On the occasion of the 100th anniversary of Sir JJ College of Architecture, professor Mustansir Dalvi has curated an exhibition of drawings of the building made by the students, and old and new photographs, currently on display at the David Sassoon Library
Of the many styles of architecture seen in the city, Edwardian Baroque is one of the prominent ones. Get a glimpse of this style of architecture at the exhibition, titled 78/3 DN Road — George Wittet’s Edwardian Baroque Gem.
The exhibition has been curated by professor Mustansir Dalvi of Sir JJ College of Architecture, and displays drawings, old and new photographs and text related to the college building that George Wittet had designed. This documentation was done by the students of the college.
The C-shaped building of Sir JJ College of Architecture was designed by George Wittet. It was completed in 1910. Pics/Dhara Vora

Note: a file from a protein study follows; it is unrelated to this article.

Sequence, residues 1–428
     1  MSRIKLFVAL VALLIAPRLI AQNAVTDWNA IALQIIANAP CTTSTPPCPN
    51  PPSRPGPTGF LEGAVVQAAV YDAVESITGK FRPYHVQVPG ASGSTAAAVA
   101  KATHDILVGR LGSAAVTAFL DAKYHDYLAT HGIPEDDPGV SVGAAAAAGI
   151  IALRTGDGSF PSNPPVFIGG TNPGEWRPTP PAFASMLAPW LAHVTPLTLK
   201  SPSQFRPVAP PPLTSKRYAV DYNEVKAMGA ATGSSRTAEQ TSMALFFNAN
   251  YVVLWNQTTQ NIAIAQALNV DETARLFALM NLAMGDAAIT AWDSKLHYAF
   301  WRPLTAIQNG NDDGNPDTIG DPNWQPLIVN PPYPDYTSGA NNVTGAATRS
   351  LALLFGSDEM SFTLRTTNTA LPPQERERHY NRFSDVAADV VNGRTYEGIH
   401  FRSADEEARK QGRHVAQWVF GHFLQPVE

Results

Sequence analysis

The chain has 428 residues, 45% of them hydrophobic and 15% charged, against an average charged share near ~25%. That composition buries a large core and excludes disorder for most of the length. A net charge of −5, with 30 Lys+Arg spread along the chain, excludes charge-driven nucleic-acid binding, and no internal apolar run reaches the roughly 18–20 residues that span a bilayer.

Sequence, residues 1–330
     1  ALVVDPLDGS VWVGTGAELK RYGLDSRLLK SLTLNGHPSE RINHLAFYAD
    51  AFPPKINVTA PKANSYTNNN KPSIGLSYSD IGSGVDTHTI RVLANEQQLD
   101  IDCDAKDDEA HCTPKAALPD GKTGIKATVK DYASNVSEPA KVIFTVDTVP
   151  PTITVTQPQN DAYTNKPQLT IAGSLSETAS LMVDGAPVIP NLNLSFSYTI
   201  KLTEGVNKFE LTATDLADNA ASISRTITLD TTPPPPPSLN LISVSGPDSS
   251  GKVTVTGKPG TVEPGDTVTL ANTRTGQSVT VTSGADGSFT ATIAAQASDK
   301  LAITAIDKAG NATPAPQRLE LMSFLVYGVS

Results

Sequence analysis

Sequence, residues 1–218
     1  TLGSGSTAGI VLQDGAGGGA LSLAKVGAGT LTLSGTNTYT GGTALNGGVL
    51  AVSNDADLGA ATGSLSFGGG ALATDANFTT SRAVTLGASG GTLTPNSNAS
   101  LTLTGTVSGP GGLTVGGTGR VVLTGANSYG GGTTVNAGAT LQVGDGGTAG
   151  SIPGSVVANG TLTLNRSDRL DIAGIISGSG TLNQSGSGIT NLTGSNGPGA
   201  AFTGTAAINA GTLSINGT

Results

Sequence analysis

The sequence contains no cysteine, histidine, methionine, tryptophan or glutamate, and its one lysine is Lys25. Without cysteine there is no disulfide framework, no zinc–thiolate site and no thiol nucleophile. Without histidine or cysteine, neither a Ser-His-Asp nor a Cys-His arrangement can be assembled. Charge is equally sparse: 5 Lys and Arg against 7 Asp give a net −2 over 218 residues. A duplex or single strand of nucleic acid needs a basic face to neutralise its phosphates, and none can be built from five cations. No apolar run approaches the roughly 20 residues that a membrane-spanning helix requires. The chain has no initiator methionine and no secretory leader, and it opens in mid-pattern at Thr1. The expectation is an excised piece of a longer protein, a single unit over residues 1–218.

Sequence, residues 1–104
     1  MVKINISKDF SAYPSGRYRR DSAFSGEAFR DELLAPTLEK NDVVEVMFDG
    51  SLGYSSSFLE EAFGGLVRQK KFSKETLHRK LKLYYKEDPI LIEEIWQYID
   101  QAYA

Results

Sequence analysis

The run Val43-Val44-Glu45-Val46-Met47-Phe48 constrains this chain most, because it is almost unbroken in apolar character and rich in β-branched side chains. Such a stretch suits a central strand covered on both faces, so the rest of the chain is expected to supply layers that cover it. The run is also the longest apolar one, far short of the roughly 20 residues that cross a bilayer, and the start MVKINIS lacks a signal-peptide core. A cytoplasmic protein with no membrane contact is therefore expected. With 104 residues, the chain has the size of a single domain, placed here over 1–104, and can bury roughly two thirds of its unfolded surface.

“Earlier, the building was home to the pottery section (Sir George Clarke Technical Laboratories and Studios). It was later converted into the college of architecture,” says Dalvi.
The exhibition is on at the lobby of David Sassoon Library
Wittet was also re-organised the architectural education into a four-year course. He also designed the Gateway of India, Chhatrapati Shivaji Maharaj Vastu Sangrahalaya and the National Gallery of Modern Art (NGMA).
Of the drawings of the building
R.I.P. George Wittet
Plot CS-12-1-13: It’s the site at Sewri Cemetery where George Wittet (d: 1926) lies buried. According to its records, his name is entered. Yet when one visits the actual plot, there is no trace of his epitaph or tombstone; it has been buried over. A tragic reminder of how we respect our city’s founding fathers. The Scottish architect created a renaissance of Indian architecture among young architects of the time. This consulting Architect to the Government of Bombay had a successful practice that was cut short, tragically, by dysentery, when he was 48.
— Fiona Fernandez